Samantha Power Praises Cuba's Ebola Response, Defends U.S. Quarantine Guidelines

Samantha Power speaks during a Reuters Newsmaker panel discussion on the Ebola virus in New York on October 31, 2014. Mike Segar/Reuters

After a four-day trip to West Africa, U.S. ambassador to the United Nations Samantha Power called on the international community to do more to help contain the Ebola outbreak and defended federal guidelines for health care workers on their return to the U.S.

"We believe the federal guidelines put forward for health care workers are sufficient," said Power, speaking at a Reuters Newsmakers event the Ebola crisis in New York on Friday.

Power said that the current guidelines, which include an examination by a medical professional, temperature checks and check-ins over 21 days are "a regimen developed on the basis of the science and on the basis of wanting to be responsive," she said.

Power returned Thursday night from the trip to Liberia, Sierra Leone and Guinea—the three countries bearing the brunt of the outbreak—as well as to Accra, Ghana, where the U.N. Mission for Ebola Emergency Response is based. Nearly 5,000 have died from Ebola in this region since the outbreak started earlier this year and more than 13,500 have been infected, according to the latest figures.

Quarantine protocols for health care workers returning to the U.S. from this region have become a hot-button issue in recent weeks. Kaci Hickox, a nurse forcibly quarantined in New Jersey earlier this week before being allowed to return to her home in Maine, has been outspoken about mandatory quarantine rules imposed by some states, calling them a violation of her human rights.

After Hickox took a bicycle ride Thursday in open defiance of the self-quarantine rules imposed on her by the state of Maine, a court order was obtained ordering her to stay three feet away from people and avoid public places in the town of Fort Kent, Maine. If she plans to travel, she must notify public health authorities first, NBC News reports.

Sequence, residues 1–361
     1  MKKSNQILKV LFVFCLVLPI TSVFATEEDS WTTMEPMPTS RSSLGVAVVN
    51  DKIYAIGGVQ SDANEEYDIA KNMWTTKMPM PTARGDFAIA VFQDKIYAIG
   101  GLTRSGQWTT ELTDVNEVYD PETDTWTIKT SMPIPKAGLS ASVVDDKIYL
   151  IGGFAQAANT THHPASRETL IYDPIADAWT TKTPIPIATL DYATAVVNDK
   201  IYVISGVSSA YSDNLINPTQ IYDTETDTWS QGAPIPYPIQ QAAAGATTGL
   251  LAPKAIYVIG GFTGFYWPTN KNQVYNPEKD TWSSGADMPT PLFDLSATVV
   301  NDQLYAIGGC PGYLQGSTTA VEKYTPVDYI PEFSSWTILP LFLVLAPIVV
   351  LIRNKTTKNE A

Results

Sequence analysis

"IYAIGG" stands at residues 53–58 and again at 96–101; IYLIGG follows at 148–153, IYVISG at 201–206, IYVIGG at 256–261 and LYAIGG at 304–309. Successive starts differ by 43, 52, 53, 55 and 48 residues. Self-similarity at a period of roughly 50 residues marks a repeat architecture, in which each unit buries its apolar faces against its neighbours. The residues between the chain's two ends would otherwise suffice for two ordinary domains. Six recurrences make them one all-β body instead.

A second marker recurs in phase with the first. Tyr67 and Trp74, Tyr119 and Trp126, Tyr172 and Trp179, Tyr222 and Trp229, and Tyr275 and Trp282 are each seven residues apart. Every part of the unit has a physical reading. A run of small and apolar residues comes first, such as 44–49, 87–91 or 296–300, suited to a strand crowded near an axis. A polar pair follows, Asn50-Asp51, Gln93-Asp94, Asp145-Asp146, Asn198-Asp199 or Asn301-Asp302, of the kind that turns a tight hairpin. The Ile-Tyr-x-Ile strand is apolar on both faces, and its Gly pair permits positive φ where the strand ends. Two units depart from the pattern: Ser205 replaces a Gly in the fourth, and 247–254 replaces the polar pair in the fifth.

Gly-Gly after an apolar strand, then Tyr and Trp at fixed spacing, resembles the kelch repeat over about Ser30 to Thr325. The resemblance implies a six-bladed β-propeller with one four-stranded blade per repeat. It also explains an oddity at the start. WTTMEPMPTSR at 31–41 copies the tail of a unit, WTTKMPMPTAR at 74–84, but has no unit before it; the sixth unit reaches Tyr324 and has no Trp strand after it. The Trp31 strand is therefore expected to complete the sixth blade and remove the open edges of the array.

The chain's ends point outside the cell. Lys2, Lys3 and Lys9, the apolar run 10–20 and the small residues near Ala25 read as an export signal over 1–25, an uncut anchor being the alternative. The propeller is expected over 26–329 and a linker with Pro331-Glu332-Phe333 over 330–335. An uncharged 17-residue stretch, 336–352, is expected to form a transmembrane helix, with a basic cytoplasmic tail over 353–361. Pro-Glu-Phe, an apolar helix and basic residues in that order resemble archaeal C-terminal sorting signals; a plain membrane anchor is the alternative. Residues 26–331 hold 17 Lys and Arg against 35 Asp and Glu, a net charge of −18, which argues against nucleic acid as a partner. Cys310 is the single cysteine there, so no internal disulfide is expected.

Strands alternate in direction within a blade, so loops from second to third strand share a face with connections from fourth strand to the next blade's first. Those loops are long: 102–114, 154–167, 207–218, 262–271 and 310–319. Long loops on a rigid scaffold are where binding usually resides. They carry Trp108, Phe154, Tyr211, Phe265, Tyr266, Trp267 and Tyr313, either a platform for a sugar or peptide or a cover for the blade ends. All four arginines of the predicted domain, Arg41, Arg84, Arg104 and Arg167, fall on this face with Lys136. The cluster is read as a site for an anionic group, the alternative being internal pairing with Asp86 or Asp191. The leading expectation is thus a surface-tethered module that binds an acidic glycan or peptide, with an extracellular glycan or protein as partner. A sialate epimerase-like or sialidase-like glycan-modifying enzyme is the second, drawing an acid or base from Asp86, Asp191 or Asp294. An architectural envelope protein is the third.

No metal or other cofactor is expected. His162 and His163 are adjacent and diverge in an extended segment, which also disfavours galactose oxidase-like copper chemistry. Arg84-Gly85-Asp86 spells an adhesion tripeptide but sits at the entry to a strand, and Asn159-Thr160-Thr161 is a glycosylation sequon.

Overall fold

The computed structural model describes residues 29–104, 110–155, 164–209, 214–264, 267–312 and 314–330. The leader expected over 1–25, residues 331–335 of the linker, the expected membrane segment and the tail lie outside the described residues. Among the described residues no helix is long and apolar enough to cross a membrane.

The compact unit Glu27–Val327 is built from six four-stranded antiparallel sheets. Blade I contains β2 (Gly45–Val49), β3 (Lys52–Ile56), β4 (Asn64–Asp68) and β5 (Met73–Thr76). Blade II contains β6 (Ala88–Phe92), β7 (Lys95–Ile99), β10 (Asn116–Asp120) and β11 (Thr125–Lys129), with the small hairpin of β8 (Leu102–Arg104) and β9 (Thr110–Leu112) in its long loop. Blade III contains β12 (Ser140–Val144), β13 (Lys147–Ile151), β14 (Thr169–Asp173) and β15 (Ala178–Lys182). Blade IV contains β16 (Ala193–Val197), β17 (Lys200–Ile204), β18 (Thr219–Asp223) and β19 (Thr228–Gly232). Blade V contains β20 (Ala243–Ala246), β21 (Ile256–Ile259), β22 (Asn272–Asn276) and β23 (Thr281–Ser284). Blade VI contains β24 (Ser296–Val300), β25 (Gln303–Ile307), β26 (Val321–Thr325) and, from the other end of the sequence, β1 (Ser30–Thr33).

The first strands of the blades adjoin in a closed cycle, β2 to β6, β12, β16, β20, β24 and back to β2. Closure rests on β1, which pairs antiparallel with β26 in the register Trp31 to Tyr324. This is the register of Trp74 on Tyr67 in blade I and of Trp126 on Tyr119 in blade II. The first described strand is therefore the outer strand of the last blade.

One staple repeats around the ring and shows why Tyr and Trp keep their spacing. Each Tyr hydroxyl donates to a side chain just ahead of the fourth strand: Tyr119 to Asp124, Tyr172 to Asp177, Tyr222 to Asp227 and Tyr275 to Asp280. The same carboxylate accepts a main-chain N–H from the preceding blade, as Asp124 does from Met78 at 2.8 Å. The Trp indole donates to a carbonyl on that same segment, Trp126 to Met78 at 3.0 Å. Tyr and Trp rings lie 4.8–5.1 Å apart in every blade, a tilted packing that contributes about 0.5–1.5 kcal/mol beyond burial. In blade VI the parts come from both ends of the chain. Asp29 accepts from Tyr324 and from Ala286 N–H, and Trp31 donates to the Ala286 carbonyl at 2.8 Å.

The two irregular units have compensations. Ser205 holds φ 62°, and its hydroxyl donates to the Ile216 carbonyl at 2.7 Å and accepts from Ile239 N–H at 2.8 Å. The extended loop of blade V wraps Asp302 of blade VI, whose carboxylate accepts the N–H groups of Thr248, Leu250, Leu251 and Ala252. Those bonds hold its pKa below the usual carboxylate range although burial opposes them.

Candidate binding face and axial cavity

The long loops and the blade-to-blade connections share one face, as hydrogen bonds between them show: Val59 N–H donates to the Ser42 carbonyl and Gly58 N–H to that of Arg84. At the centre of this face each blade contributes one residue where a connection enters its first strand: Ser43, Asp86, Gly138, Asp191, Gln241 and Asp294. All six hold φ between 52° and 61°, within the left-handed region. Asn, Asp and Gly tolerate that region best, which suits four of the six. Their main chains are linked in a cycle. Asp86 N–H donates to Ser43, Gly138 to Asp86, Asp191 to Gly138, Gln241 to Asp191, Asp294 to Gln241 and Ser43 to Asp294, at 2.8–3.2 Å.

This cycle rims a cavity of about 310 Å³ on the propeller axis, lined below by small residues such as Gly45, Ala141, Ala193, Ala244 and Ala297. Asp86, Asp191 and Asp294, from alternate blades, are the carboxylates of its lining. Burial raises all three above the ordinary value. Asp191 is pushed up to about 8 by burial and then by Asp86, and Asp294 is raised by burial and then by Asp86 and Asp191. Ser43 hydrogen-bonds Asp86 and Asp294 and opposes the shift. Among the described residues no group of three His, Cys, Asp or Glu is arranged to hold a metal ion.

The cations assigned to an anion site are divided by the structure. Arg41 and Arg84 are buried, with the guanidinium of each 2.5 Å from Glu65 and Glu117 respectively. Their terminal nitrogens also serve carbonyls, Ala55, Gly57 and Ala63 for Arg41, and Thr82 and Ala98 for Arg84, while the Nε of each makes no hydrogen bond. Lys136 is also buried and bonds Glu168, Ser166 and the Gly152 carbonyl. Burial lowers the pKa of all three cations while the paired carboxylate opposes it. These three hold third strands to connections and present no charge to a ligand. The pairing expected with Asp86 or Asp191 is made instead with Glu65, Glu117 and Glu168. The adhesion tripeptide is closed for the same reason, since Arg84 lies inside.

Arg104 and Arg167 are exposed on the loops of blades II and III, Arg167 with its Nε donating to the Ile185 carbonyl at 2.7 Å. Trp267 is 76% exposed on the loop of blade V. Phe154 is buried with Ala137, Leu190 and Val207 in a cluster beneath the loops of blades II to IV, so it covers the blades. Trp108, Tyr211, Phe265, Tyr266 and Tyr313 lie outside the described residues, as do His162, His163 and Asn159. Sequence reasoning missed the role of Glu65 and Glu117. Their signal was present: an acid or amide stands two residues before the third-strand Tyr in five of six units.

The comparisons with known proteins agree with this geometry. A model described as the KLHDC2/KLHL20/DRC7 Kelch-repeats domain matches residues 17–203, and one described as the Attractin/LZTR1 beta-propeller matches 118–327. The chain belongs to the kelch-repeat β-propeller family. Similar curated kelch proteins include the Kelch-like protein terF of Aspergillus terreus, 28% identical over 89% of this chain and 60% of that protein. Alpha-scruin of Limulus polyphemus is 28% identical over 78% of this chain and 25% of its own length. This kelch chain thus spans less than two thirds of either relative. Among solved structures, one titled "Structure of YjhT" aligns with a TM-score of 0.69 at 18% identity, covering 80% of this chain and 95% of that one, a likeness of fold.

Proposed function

The White House has criticized mandatory quarantine rules and issued federal guidelines that suggest active self-monitoring, including daily reporting of temperature and any symptoms consistent with Ebola, such as fever, vomiting or diarrhea.

On Wednesday, Defense Secretary Chuck Hagel announced troops returning from West Africa will also face a mandatory 21-day quarantine.

Power didn't come into contact with Ebola patients on her trip and said she is considered low-risk for contracting the disease. Still, she calls in her temperature to health authorities twice a day and had her temperature checked three times before boarding a plane in Monrovia, Liberia, and once again when she landed at John F. Kennedy International Airport in New York, Reuters reports.

Vandi Chidi Minah, Sierra Leonean ambassador to the U.N., was also spoke about the quarantining of health care workers.

"We stand with the medical community and [quarantine protocol] should be driven by the facts," said Minah. "Unfortunately, sometimes we tend to be driven by politics and not the facts," he said.

Power praised Cuba for sending the largest medical contingent of any country to West Africa to help with the outbreak; 165 Cuban doctors and nurses went to Sierra Leone at the start of October, and another 40 were due to arrive on Wednesday, according to Reuters.

"That is a big gap and a big need, and it's not because those international health workers are doing all the Ebola treatment; it's that they can offer also training and counsel to the Liberians and Sierra Leoneans and Guineans who are stepping forward in droves and volunteering for what has come to be seen as a patriotic enterprise," Power said.

Power also commended three airlines, Air France, Brussels Air and Royal Air Maroc, for keeping their flights to the region running, calling them a "lifeline" to people residing in and visiting the region.

Power recalls starting to hear about the Ebola outbreak in March or April, shortly after the first cases were confirmed in Guinea. But it was only in the summer that she realized "not only was this a major public health emergency but it was a threat to security," said Power, a point reiterated by President Barack Obama in September.

Power said the international community was too slow to respond to the Ebola outbreak and more still needs to be done to help.

"I went on this trip because I and the president have not had the sense that other countries are stepping up in the way they need to sufficiently," she said.

Young Sierra Leoneans training 2 be Ebola workers. So much heart. Asked why doing this, 1st A: "b/c my ppl are dying"

— Samantha Power (@AmbPower44) October 27, 2014

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